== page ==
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Geographies of inebriety

Geographies of inebriety


This project examines the provision of institutional treatment for those identified as suffering from habitual drunkenness or inebriety.

Under the 1898 Inebriates Act local councils were empowered to support the provision of reformatory facilities in their areas, allowing the courts subsequently to refer to these institutions anyone found guilty of four drink-related offences in any twelve-month period. Characteristically permissive, the legislation enjoyed a very uneven take up, and this project looks and how and why this was case, exploring the uneven regulatory outcomes for individuals that resulted.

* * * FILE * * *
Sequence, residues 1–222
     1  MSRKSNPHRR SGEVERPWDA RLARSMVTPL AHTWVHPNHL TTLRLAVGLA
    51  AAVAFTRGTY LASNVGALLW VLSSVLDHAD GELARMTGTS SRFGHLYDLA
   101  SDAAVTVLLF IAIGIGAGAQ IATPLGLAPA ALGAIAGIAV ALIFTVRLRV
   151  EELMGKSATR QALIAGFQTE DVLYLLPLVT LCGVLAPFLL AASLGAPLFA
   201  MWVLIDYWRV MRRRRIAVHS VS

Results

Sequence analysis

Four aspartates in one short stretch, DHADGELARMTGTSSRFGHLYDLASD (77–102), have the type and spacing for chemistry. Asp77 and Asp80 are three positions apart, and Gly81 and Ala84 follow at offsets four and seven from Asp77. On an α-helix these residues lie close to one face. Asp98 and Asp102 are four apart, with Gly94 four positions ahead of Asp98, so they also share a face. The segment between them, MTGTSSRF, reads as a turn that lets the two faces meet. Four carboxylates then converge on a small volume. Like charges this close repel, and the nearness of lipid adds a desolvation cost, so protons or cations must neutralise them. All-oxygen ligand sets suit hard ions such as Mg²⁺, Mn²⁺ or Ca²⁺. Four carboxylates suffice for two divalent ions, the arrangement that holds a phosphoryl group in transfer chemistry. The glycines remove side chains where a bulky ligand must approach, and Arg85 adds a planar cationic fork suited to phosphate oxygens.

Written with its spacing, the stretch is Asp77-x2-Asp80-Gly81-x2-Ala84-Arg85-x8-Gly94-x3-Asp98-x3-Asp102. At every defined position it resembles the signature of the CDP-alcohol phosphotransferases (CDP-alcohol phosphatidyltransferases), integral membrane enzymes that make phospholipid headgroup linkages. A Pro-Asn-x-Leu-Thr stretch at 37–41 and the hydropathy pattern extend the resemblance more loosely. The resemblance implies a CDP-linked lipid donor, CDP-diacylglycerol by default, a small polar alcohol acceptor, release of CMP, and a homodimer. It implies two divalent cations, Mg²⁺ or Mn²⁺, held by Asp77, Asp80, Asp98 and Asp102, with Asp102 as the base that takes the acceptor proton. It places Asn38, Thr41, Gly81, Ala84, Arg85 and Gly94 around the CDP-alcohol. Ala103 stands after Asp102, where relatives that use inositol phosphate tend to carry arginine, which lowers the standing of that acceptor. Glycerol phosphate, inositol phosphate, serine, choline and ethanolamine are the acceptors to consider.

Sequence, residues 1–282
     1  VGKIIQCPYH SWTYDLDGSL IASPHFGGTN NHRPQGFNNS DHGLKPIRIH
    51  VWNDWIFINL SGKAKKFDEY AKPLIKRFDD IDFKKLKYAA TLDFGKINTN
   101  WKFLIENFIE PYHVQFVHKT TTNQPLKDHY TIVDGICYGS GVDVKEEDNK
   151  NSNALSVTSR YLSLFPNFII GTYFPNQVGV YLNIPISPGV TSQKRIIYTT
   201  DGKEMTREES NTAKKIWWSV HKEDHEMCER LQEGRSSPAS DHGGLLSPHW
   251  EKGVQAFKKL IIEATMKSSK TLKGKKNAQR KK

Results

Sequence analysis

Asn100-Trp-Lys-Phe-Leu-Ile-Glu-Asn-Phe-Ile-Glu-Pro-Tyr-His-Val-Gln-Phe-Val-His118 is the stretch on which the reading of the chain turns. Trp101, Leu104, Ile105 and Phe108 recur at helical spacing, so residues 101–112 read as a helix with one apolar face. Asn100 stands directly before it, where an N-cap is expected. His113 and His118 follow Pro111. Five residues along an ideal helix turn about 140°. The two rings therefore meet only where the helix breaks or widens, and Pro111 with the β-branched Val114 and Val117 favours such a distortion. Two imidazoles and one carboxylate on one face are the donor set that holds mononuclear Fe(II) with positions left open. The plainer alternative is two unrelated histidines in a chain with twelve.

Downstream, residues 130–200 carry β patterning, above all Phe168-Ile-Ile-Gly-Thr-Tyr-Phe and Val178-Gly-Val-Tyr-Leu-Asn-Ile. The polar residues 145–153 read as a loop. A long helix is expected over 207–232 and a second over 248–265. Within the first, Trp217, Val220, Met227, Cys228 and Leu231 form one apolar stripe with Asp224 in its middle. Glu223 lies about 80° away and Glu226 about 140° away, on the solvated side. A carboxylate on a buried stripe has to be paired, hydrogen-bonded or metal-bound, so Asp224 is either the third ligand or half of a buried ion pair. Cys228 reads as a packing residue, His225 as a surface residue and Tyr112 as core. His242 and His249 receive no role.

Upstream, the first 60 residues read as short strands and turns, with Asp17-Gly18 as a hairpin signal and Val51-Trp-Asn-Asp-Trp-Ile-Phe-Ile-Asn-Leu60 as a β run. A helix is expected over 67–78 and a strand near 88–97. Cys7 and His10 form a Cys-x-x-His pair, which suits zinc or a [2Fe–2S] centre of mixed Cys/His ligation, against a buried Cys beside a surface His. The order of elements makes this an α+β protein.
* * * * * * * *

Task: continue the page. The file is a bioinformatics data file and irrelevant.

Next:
The project also posits the centrality of the criminal justice system – on which treatment under the Act relied – in shaping contemporary medical knowledge about the relationship between alcoholism and mental health.


  • D. Beckingham, 2012, ‘Gender, space and drunkenness: Liverpool’s licensed premises, 1860-1914,’ Annals of the Association of American Geographers 102(3), pp. 647-666.
  • D. Beckingham, 2010, ‘An historical geography of liberty: Lancashire and the Inebriates Acts,’ Journal of Historical Geography 36(4), pp. 388-401.
  • D. Beckingham, 2009, ‘The Irish question and the question of drunkenness: Catholic loyalty in nineteenth-century Liverpool,’ Irish Geography 42(2), pp. 125-144.